Nissan is getting aggressive these days, now extending a lifeline to scandal-plagued Mitsubishi on one side of the world even as it gets chippier with electric-power rival Tesla on the other.
As it reported improved operating results, Nissan announced on Thursday that it has acquired 34 percent of Mitsubishi and formed a “far-reaching strategic alliance” that will extend to common vehicle platforms, joint plant utilization and “growth markets,” expanding a lower-level tie they have had for five years. Mitsubishi also admitted that more models sold in Japan were affected by its systematic overstatements of fuel economy than first revealed.
Mitsubishi management even this week has been insisting that the company has enough cash to withstand the hits to sales and its finances from the mileage-inflation scandal that it said affects only models sold in Japan. But company leadership listened to Nissan CEO Carlos Ghosn, who has managed to make a success of Nissan’s tight alliance with Renault (he runs both companies) since it was formed in 1999.
Meanwhile, however, Nissan has been preoccupied with what to do about Tesla. Nissan pioneered the all-electric vehicle with Leaf in 2010, but sales have never amounted to much. Tesla, however, not only has created success from no automotive experience in a luxury-EV segment it essentially originated with its Model S, but also now intends to sell a less expensive all-electric Model 3 within a couple of years.
And after Tesla said recently that it’s received about 400,000 deposits of $1,000 (refundable) for a Model 3 that remains far from production, Nissan tweaked the whole thing with aggressive print ads that asked consumers why they aren’t just buying a Leaf EV that is available now at about the same price projected for Model 3 and about half the touted all-electric range of the eventual nameplate.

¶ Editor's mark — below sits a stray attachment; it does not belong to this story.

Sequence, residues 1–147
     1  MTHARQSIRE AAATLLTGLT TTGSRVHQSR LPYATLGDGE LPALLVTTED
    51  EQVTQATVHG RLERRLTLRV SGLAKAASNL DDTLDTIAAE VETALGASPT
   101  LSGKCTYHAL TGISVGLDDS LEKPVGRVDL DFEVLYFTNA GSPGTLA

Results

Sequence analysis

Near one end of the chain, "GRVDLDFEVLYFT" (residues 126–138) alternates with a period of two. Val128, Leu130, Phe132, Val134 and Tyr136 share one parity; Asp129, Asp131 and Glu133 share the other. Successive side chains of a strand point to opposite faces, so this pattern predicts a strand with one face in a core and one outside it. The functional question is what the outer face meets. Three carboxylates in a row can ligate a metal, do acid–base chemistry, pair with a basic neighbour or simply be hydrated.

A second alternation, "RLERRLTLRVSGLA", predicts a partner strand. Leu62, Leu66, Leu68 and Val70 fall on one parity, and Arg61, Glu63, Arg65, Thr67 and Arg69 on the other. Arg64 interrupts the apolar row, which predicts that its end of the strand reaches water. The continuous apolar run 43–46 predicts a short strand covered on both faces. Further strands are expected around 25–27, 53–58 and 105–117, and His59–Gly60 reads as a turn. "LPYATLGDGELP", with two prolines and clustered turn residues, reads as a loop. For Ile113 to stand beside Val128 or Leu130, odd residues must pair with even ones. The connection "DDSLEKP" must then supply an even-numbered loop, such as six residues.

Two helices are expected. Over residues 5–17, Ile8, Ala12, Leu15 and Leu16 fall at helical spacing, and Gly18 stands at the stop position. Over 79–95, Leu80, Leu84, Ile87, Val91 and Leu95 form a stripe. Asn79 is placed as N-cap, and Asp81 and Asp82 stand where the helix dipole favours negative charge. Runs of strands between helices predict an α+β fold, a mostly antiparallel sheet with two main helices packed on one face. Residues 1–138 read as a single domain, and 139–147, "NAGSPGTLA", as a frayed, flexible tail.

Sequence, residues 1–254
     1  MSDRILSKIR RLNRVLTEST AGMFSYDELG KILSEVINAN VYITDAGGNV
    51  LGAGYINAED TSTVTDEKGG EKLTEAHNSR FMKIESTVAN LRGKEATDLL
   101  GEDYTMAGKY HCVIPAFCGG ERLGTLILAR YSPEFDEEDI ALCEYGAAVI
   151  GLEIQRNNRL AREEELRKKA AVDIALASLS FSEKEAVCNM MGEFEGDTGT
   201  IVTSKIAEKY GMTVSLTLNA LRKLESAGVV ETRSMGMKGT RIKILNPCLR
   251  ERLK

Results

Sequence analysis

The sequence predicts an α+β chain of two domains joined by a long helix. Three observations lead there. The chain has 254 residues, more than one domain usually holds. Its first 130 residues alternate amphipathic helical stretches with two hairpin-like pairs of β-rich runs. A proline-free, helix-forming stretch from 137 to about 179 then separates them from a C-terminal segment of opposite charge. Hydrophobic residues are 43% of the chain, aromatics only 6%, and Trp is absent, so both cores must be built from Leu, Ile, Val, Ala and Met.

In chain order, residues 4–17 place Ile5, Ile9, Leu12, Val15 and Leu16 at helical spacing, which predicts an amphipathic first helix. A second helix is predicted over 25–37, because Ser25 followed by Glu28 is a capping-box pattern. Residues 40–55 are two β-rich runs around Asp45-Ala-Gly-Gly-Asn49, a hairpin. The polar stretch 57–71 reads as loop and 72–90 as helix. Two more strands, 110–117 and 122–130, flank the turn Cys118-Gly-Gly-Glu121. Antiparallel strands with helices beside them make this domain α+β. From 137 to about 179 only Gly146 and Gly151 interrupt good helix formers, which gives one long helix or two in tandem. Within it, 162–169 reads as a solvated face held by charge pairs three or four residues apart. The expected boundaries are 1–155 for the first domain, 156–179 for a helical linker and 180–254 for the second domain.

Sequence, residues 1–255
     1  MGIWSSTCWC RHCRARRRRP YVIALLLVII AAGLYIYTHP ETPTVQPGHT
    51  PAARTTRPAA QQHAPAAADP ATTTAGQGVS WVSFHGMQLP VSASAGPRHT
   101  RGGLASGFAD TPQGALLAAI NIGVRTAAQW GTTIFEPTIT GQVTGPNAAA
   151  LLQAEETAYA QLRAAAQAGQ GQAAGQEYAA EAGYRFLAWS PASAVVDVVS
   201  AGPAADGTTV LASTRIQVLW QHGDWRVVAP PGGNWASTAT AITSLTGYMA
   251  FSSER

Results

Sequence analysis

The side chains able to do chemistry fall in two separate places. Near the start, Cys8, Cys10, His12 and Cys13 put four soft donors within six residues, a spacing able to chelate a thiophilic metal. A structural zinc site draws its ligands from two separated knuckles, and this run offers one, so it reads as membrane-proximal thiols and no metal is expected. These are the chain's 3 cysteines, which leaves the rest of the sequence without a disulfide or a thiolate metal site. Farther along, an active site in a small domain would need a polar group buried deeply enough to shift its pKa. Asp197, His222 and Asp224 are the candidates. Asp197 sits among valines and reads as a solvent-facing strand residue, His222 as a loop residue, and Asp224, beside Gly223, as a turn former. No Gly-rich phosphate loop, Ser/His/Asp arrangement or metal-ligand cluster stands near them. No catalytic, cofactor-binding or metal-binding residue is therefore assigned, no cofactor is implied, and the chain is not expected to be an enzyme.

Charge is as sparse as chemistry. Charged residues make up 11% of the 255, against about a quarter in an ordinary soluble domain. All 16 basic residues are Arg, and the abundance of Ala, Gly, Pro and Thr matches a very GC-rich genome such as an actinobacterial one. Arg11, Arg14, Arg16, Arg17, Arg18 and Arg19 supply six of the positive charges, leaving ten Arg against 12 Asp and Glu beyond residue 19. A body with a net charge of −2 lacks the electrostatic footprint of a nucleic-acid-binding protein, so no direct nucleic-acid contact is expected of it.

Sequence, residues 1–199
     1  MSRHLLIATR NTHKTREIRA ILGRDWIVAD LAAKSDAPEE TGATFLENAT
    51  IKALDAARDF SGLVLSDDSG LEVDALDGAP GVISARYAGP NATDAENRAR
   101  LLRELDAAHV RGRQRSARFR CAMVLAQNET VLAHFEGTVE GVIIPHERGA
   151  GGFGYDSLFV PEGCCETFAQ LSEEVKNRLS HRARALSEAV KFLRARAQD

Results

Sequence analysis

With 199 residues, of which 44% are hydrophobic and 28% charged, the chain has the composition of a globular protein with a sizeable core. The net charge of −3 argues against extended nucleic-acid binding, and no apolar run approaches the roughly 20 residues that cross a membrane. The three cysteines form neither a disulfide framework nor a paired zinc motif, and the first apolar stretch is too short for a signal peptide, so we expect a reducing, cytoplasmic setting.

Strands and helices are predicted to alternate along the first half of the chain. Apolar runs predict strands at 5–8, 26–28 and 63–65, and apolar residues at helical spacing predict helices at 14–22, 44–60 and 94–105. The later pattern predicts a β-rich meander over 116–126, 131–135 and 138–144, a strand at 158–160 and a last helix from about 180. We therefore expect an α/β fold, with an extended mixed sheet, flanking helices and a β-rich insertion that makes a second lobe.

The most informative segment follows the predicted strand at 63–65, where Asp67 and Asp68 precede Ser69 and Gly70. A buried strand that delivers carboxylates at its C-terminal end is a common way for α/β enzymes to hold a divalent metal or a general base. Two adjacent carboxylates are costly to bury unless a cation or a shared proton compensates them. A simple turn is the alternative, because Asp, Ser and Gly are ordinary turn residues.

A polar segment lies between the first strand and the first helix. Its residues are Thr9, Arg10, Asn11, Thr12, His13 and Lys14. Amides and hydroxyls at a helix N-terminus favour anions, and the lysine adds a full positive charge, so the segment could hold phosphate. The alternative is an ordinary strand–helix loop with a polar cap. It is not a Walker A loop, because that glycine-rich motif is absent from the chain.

Now, in the UK at least, Nissan is trying to outflank Tesla in another way—by helping connect EV owners to the grid where they can sell power generated by their battery-propelled vehicles. Tesla has made a big deal of its Powerwall device that will do much the same thing.
But Nissan announced a partnership with Enel SpA that will enable drivers of Leaf and e-NV200 electric vans to sell excess energy during periods of peak demand, effectively turning those Nissan models into mobile power sources— as Powerwall plans to do. They’ll use an energy storage unit dubbed “xStorage” and made by Eaton, a US-based company, that will be priced at about 4,000 euros (US $4,560), according to Bloomberg.
For its part, Tesla keeps auto watchers surprised with CEO Elon Musk’s ever-accelerating schedule for meeting demand for Model 3, which he recently moved up a couple of years to volume output by 2018. Tesla, however, just parted with two of its top manufacturing executives and practically no outside observer gives the company a chance of ramping up from its current production of about 50,000 autos a year to its intended 500,000 Model 3 units within two years.
Yet Musk just keeps doubling down. Tesla said this week that it hasn’t even finalized the design of Model 3, which would call for a never-before-seen fast timetable to production to meet Musk’s new goal. He may have to visit that deadline yet again.